Hidden Agendas?

Lots of people have hidden agendas, and baser feelings that they wouldn’t like known, especially attached to their names… and elections and politics have a way of bringing them out, sometimes openly, and sometimes anonymously.

Immigration is one of those issues. While Donald Trump and many of his supporters have expressed violent anti-immigrant statements and proposed punitive and often impractical if not impossible anti-immigrant proposals, this isn’t a new phenomenon in the United States.

The Alien and Sedition Acts of 1798 restricted the rights of immigrants. Then, in the early 1850s, immigration to the United States quintupled, an increase fueled by poor Irish and German peasants, the majority of whom were Catholic, and urban crime increased dramatically. The high crime rate and the rising fear that the increasing number of Catholics would turn the U.S. into a “Papist” nation controlled by the Pope inspired the creation of the American Party, whose members were also called “Know Nothings,” and who espoused an anti-Catholic and anti-immigrant political philosophy, while paradoxically also opposing slavery. In the Congressional elections of 1854, the American Party actually won 22% of the seats in the U.S. House, and captured the legislature in Massachusetts, but failed to gain further ground and largely faded away after the election of 1860. Later movements opposing immigration were the Immigration Restriction League of the early 20th Century and the anti-Asian movements in the American west, which resulted in the Chinese Exclusion Act and an agreement with Japan to restrict Japanese immigrants. The 1920s saw the imposition of immigration quotas and other restrictions, many of which remain in effect.

All of this ignores, of course, the basic fact that every single individual living in the United States is either an immigrant or the descendent of immigrants. Does this mean that only “our” ancestors were the worthy immigrants? The virulent anti-immigrant agenda not only denies our heritage, but also implies an unfounded elitism, yet generation after generation, it persists, and often some of those of the present generation who are most violent in their attacks on immigrants are the very ones whose ancestors were denigrated.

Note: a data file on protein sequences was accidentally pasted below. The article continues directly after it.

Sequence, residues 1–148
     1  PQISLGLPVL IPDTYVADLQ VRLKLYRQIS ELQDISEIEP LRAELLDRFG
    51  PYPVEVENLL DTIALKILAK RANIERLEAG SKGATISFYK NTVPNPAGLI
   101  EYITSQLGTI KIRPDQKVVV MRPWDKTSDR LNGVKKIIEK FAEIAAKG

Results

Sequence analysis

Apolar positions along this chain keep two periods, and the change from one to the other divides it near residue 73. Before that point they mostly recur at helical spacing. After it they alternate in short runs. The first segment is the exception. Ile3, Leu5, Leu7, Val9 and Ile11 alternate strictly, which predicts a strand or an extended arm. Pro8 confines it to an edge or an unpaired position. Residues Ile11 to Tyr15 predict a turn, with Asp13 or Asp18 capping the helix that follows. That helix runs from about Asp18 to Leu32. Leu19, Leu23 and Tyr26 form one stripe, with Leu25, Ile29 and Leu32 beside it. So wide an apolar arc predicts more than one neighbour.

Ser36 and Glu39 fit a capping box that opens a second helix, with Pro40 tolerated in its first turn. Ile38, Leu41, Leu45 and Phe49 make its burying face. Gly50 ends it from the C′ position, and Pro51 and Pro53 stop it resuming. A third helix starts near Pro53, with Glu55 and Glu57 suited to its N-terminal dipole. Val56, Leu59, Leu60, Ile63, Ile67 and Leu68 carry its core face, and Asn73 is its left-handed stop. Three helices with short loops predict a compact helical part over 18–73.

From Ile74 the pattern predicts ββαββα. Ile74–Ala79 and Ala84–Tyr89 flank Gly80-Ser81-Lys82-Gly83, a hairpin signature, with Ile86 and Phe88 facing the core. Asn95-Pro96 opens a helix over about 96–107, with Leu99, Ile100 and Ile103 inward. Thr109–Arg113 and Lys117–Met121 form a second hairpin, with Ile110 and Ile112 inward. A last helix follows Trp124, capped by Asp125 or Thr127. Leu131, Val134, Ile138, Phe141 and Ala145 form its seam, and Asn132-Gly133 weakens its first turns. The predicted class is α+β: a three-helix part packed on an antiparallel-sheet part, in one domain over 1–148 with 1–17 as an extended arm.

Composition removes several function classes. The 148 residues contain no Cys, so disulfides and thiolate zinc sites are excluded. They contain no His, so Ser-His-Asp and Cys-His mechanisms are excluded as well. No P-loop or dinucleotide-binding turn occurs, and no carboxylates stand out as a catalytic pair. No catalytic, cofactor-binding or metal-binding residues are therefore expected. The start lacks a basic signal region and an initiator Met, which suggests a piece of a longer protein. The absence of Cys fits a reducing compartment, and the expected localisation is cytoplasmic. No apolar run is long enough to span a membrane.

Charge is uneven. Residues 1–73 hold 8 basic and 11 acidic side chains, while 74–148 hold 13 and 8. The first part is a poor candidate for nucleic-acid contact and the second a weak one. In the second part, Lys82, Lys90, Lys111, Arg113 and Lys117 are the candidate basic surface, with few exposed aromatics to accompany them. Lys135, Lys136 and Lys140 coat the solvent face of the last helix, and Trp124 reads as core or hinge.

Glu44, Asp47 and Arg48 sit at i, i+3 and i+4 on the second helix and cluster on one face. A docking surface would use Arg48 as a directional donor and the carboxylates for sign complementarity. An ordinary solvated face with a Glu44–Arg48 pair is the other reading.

Another issue is that of women’s rights and gender equality, not so much a hidden issue, but one where the Trump campaign is appealing to another set of prejudices that many people don’t want to acknowledge. Although Abigail Adams wrote her husband in 1776, begging him “not to forget the ladies” and not to put unlimited power in hands of their husbands, women didn’t receive the right to vote until a hundred and forty-four years after her letter. Even today, the fight for gender-equal pay and rights continues, and not just in the Presidential campaign, but even on the local levels, as in supposedly progressive Seattle, where earlier this year, a highly sexist and vicious barrage of letters and emails bombarded the five female members of the Seattle City Council who voted against selling a city street to make way for a new sports arena, and outvoted the four male members of the council. The comments ranged from suggesting that all five women commit suicide in highly graphic ways to brutal comments on their appearance, the sort of personal comments that are seldom if ever applied to male politicians. These sorts of comments have become even more common this year, possibly as a result of the misogynistic comments of Trump himself, and just indicate, again, the fact that more than a few men do not want women exerting power, let alone having equal pay and rights. Trump’s rhetoric, the bumper stickers proclaiming “Trump the Bitch,” as well as even more obscene and graphic pins and stickers, polling data, and the clearly sexist (and successful) appeal to “traditional” male supremacy make it clear that Trump is making an appeal to the sexist male, and I find that approach offensive. Obviously, a lot of Trump supporters don’t.